Sony Music Entertainment CEO Rob Stringer

Sony Music Entertainment CEO Rob Stringer

RCA Records, a division of Sony Music Entertainment, has now dropped R. Kelly from its roster.

The development closely follows the airing of a docu-series detailing R. Kelly’s sexual abuse allegations.  The 6-part Lifetime series, titled Surviving R. Kelly, focused on a long string of accusations, including those involving brainwashing and near-slavery of women.

The documentary also prompted several survivors to come forward, none of which made R. Kelly (real name Robert Sylvester Kelly) look good.

RCA Records has not issued a statement on the matter, though R. Kelly has been removed from the label’s website as of this (Friday) morning.  Variety has indicated that RCA will continue to work Kelly’s back-catalog; the artist and label have been working together since Kelly’s career started in the early 90s.

A number of artists, including Lady Gaga, have recently moved to distance themselves from Kelly.  Gaga pulled a recent collaboration with the r&b superstar, titled ‘Do What U Want,’ from various streaming services.  Other artists also moved to remove past collaborations (or cancel new ones).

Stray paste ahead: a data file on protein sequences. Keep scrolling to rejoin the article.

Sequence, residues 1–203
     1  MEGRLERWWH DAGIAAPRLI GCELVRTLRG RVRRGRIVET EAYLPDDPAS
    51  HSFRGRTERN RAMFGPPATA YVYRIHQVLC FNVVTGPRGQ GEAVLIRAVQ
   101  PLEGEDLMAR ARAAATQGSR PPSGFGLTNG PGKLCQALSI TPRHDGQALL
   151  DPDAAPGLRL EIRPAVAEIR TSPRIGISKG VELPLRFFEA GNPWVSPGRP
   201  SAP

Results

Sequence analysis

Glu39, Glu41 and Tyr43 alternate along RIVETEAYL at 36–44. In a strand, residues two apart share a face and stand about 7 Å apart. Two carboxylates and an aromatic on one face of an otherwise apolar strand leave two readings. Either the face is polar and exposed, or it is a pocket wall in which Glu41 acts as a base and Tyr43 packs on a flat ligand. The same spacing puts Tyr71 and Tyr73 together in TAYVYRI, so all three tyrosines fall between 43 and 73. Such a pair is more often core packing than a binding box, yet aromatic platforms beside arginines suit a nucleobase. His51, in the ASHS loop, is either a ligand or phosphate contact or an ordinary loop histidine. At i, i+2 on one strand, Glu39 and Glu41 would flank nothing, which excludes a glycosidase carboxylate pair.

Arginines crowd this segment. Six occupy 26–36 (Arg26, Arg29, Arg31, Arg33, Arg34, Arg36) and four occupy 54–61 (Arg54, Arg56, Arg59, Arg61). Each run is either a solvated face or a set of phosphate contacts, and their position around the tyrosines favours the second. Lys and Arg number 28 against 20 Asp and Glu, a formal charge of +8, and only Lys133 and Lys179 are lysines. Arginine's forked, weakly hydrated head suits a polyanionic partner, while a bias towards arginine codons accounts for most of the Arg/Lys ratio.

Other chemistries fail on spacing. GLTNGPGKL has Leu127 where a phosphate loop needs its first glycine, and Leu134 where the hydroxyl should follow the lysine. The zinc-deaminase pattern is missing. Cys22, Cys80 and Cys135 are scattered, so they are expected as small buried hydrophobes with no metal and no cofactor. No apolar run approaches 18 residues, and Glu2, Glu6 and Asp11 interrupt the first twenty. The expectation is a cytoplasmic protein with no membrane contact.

Meanwhile, pressure continued to mount against RCA to drop the singer.

That included protests outside the Sony Music Entertainment offices this week, as well as an online #DropRKelly petition that surpassed 100,000 signatures.

A separate trending hashtag, #MuteRKelly, also emerged.

Previously, RCA had decided not release any new Kelly material.  The decision to drop the artist means that R. Kelly’s 2016 release, 12 Nights of Christmas, will be his last on the label.

The move was likely a difficult one for RCA Records.  Kelly himself has not been convicted of any crimes, which technically makes Sony’s decision a morality call.  Previously, Spotify waded into those tricky waters by removing artists that violated its self-determined decency standards, with R. Kelly and XXXTentacion pulled.  That prompted an overwhelming backlash, particularly from the hip hop community, with XXXTentacion ultimately reinstated onto the platform and Spotify ditching the initiative.

Whether Kelly decides to fight back with a lawsuit is unclear at this stage.  Certainly, the singer would have grounds for unfair termination, given the lack of an actual criminal conviction (or contractual violation).

Earlier this year, the r&b singer announced that a new album was on the way.  It looks like that release will now be a direct-to-fan or indie label release, if it reaches the light of day.